(3) The ability of some countries to negotiate comprehensive “one-shot” restructuring packages continues to be hindered by high and mounting interest arrears, low international reserves, and limited access to funding for debt- and debt-service reduction operations. In some of these cases, the situation has been complicated by records of weak policy implementation. Against this background, a number of countries have attempted to adopt a phased approach, with the initial focus on banks’ implicit or explicit acquiescence to interest arrears. This has been combined, in some cases, with partial cash payments and a degree of debt reduction through debt conversion schemes. Country experiences in this area have varied; they include the negotiation by Bulgaria of quarterly payments deferral agreements, a “goodwill payment” (of $95 million) by Poland on accumulated interest arrears, and debt-equity operations by Argentina in the context of a privatization program, accompanied by partial interest payments.
Recent adaptations in procedures of the Inter-American Development Bank (IDB) have expanded the sources of multilateral financing available to support bank debt- and debt-service reduction operations. New guidelines specify that, over a three-year period ending December 31, 1993: (1) up to 25 percent of the IDB’s fast-disbursing sector lending program to a member country may be set aside to finance debt reduction, or, when the IDB is concentrating its support on project lending, about 10 percent of the bank’s overall lending program to that country may be set aside to finance debt reduction; and (2) funds of up to 15 percent of the IDB’s overall lending program to a country may be used to provide interest support. In order to qualify for financing under this facility, a borrower must have an adequate medium-term economic policy framework or structural adjustment program. It must also have a viable medium-term external financing plan, including debt and debt-service reduction, that represents an efficient use of IDB resources and offers reasonable prospects that the reduction will enhance the country’s growth and development outlook.
Debt Conversion Programs
The estimated face value of commercial bank debt converted under the main official conversion schemes (excluding the discount and par bond exchanges undertaken in the context of comprehensive bank packages) rose from $7.2 billion in 1989 to $10.5 billion in 1990 (Table 7). The increase reflected $7 billion retired by Argentina, in connection with the privatization of Entel (the telephone company) and Aerolineas Argentinas (the national airline), which offset reduced activities in several other countries. As in previous years, Chile continued to account for an important share of the conversions, although at a declining rate consistent with a reduction in available bank claims and an increase in secondary market prices. Partial data for the first quarter of 1991 point to a slowdown in the rate of debt conversions, most noticeably in Argentina and Chile, but an increase was recorded for the Philippines as a result of more frequent auctions under its debt-equity program. Finally, there are growing indications of a forthcoming increase in debt conversion activities, mainly as a result of privatization-linked debt-equity swaps, but also owing to various other debt conversion programs (for example, debt-for-nature, debt-for-education, and so on).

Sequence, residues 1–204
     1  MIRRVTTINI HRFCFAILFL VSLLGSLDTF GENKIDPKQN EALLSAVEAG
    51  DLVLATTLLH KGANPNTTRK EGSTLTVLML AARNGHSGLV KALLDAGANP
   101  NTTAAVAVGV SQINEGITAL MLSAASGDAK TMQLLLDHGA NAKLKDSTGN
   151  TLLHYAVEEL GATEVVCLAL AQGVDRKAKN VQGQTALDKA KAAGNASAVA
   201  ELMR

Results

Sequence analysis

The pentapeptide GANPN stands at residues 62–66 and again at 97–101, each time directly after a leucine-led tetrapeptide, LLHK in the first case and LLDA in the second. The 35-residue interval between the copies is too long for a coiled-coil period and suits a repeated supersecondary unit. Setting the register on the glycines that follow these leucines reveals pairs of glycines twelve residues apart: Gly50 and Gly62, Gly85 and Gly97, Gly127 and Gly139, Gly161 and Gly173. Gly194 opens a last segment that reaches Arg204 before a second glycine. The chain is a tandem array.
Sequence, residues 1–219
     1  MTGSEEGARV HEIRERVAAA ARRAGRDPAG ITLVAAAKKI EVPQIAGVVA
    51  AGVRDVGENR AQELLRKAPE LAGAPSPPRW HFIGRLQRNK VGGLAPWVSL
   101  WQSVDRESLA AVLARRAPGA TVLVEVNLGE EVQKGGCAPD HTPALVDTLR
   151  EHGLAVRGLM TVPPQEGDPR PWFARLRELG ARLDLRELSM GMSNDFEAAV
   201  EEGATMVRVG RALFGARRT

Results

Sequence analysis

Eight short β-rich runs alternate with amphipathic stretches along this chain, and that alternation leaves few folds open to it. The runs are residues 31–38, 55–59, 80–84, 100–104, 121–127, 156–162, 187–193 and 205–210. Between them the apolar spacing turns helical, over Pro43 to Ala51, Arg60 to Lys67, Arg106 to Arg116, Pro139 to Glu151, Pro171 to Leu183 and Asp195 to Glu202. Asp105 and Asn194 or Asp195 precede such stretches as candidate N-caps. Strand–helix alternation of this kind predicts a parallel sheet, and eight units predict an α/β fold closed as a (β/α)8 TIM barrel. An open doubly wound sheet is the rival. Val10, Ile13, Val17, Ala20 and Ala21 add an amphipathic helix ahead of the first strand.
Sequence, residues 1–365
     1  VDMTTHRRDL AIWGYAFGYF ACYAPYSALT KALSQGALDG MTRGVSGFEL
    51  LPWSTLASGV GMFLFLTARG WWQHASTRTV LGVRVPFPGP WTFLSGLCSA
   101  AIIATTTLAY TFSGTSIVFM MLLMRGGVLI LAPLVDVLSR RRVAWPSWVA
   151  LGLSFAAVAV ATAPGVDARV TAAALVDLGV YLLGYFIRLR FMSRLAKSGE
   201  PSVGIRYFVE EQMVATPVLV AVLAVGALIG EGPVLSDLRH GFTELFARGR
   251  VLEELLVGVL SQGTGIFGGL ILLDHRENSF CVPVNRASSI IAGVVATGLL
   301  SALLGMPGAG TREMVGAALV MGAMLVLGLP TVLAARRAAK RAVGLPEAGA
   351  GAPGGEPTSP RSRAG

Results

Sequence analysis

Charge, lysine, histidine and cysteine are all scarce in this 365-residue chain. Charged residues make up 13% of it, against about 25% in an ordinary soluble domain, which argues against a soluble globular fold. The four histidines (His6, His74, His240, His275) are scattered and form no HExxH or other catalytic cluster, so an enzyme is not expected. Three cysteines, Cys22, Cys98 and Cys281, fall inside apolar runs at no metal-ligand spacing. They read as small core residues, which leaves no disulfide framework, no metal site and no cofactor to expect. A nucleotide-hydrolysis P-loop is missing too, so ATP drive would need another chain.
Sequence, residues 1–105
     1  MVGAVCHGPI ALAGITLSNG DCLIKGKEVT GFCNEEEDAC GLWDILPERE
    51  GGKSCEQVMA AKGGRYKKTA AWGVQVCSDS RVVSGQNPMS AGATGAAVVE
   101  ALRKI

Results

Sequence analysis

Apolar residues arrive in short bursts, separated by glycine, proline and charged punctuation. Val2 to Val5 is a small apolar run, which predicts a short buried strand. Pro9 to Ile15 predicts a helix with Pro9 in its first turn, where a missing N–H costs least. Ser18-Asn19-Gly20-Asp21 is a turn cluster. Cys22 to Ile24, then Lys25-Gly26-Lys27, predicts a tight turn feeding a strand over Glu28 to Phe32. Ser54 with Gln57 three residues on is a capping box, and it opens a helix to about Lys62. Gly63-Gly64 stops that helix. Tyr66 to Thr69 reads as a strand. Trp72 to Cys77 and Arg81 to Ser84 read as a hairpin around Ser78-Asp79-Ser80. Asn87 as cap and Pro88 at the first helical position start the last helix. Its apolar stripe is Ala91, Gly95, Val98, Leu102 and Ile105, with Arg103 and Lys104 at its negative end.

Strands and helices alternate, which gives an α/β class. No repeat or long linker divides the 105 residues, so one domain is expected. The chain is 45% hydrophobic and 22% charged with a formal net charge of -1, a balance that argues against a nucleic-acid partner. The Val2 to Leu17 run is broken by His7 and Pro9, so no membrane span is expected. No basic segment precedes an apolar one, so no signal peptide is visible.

Developments in Selected Countries
In April 1991, the Chilean authorities relaxed the repatriation regulations governing the sale of investments acquired through debt conversion programs covered by Chapter XIX of the country’s foreign exchange regulations (Table A16).7 Specifically, the new rules allow investors to repatriate capital after three years—instead of the previous ten years—thereby aligning the minimum holding period with that required for foreign direct investment.8 This change, which effectively increases the liquidity of investments obtained through the Chapter XIX debt conversion route, offsets to some extent the impact of a growing scarcity of Chilean debt paper and a narrowing of secondary market discounts.
Further auctions have been held under the debt conversion program of the Philippines. The second-quarter auction, held in April 1991, retired $75 million in claims (face value), after $138 million was tendered. Successful bids carried discounts ranging from 52 percent to 53.75 percent. In the previous auction, held in February 1991, the authorities reported tenders of $420 million, with successful bids having discounts of 51.75 percent to 54.75 percent. A third auction was held in August 1991.
In Mexico, it appears that only a small portion of the “conversion rights” awarded in the two auctions held last year have been exercised to date. These auctions affected $3.5 billion (original face value) of bank claims and resulted in $1.7 billion of swap rights being awarded at an average discount of 52 percent. Successful bidders were required to deposit claims equivalent to 5 percent of the rights acquired, with the remainder to be paid within 18 months. Other recent debt conversion activities include an April 1991 $3 million “debt-for-scholarship” swap signed with Harvard University, and a debt-for-nature program of up to $300 million annually to be partially financed by the Inter-American Development Bank.